Hannah Phung is international projects manager in the Leadership Foundation’s international team. She previously worked as manager of international initiatives at the Tate Gallery and programme manager at the Museum of London. She offers here her perspective on three recent Leadership Foundation research papers and reports on international themes.
It strikes me that although UK HEIs have, for some time now, been internationalising in one way or another, there are still no best practice guidelines, no national advisory body nor guidance at government level (other than “do it”). It’s an individual process like learning to walk. And so all three papers provide us with advice, examples and things to consider if applied in our own context.
Losing Our Chains assesses how well UK HEIs have internationalised since the Bone 2008 report for the Brown government and suggests modes of internationalising. Internationalising the Curriculum considers what an internationalised curriculum looks like and thoughts on its delivery. Developing Capacity for Leading International Projects in Higher Education is a review and report on the practicalities and skills HEIs require to do this.
There are three common themes in these papers: international, leadership and ‘finding our way’.
All four authors seem to recommend, whether explicitly or as a sub-text, a need for strong leadership when working internationally and this is something I whole-heartedly agree with. I don’t work in an HEI, but say this as someone who used to work in the international department of a national institution and who has seen what good leadership can do. I read with interest in Developing Capacity for Leading International Projects the skills required:
"Self awareness, personal resilience, pro-activity and drive, cultural intelligence, diplomacy skills, interpersonal skills and relationship building, strategic AND operational skills, negotiating skills, digital skill."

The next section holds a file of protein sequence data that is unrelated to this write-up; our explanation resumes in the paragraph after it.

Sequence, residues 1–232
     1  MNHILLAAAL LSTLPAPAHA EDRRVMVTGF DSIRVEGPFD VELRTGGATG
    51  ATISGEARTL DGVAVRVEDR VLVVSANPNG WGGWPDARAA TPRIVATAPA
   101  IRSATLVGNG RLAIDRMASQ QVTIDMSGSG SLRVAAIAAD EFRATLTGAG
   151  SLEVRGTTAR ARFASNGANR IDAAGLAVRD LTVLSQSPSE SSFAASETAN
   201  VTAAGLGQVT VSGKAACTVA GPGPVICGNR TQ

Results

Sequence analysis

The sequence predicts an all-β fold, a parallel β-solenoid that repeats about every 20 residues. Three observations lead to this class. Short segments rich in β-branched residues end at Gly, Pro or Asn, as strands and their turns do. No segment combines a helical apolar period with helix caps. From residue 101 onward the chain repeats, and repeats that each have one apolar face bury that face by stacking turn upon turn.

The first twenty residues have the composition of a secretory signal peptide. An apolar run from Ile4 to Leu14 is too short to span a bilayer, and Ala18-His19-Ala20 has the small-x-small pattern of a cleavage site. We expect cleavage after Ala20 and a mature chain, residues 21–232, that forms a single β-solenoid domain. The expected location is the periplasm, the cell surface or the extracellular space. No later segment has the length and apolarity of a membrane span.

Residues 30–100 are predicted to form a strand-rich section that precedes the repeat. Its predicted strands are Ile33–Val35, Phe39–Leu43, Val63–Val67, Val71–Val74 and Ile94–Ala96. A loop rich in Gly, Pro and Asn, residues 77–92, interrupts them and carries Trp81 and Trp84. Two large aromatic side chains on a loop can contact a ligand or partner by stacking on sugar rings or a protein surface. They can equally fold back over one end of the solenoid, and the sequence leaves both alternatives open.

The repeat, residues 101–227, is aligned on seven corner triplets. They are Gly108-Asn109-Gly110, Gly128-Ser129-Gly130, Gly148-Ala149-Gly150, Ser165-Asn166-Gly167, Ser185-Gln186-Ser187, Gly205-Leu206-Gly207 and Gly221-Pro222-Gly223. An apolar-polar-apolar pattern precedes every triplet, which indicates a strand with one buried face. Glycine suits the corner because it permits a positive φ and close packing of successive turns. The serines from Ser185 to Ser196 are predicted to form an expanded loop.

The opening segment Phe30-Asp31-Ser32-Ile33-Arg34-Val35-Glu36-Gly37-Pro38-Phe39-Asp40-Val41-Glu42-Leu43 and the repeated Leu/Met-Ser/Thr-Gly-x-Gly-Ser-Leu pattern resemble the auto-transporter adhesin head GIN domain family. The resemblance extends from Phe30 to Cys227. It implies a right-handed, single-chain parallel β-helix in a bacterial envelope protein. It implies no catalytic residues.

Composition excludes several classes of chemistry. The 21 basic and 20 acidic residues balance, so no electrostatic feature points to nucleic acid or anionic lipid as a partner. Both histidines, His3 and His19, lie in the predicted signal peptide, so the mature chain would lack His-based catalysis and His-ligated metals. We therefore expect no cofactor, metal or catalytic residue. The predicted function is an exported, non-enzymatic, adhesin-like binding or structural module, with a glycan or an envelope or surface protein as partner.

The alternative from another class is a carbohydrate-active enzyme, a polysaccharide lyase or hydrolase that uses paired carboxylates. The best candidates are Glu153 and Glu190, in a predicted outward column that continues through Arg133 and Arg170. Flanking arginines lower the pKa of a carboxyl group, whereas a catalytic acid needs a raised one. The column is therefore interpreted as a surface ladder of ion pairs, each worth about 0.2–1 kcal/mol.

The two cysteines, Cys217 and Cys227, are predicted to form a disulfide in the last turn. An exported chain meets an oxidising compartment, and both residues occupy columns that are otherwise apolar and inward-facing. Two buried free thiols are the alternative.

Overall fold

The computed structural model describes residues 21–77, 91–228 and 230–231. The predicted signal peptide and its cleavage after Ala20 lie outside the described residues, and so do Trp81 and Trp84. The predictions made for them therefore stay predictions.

The interviewees stressed the importance of these skills for those immersed in working overseas or dealing with another country’s culture, bureaucracy, infrastructure, technology. But leaders of international projects also need to show this at home as we attempt to get people to understand not just the international work we do but the importance and impact of it – it’s not just diplomacy skills but a certain type of diplomacy skill, as the report illustrates. The people I’ve spoken to who lead international departments find getting staff at home to understand the reason for their work beyond student recruitment can be difficult and this difficulty knocks on to the ability to gain their support. To do this usually needs our leaders to be able to answer, with conviction and certainty, questions like the first one asked in Internationalising the Curriculum. The first thing that Sayers set out to do was find out ‘what is understood by the term international curriculum’ and to do this effectively she advises her readers to think about what they want to achieve by internationalising the curriculum.
Both Developing Capacity for Leading International Projects in Higher Education and Internationalising the Curriculum are peppered with examples and advice from those you would want to learn from.
Losing Our Chains is set out differently. Rather than a snapshot review of how UK higher education has internationalised since the 2008 Bone report, Grant seems to have picked up on certain areas of internationalisation and pushes us to do more to achieve them. To take an example, Grant offers the idea of an Airline Alliance strategy – be part of a global university consortium.
“In general, very few universities have been willing to consider, with the necessary modifications, a fuller kind of alliance of equivalent depth.”
The University of Warwick in England and Monash in Australia have something I would term a ‘true’ alliance. I attended a talk by Professor Andrew Coats, joint academic vice-president and director of strategy, Monash Warwick Alliance. The universities were working closely for four years before the alliance was born, there is a joint £1,000,000,000 strategic fund and there will be a team of staff that are ‘alliance’ rather than be Monash/Warwick staff working on the alliance. The alliance is the ‘daddy’ of internationalisation for HEIs so while it is something to aspire to, it is probably only realistic in the
near future for a handful of universities.
All three publications look into different areas of internationalisation and are a good starting point to find out where UK HEIs are at, where they are going, to give you a host of things to think about and many questions to seek answers for. There is so much more to learn and to say, which just shows that ’international’ is not just a department, it is set to become something as integral to each university as the students on campus or the finance system.
Internationalising the curriculum: design, delivery and depth
Nicola Sayers, Hult International Business School.
Research report series 4-1, January 2013
Losing our chains? Contexts and ethics of university internationalisation
Colin B Grant BA PhD FHEA, University of Bath.
Stimulus paper ST-9, January 2013
Developing capacity for leading international projects in Higher Education
Lynn Howlett, Newcastle University and Martin Cussons, University of Nottingham.
Small Development Projects 2011, Published February 2013
International Projects Manager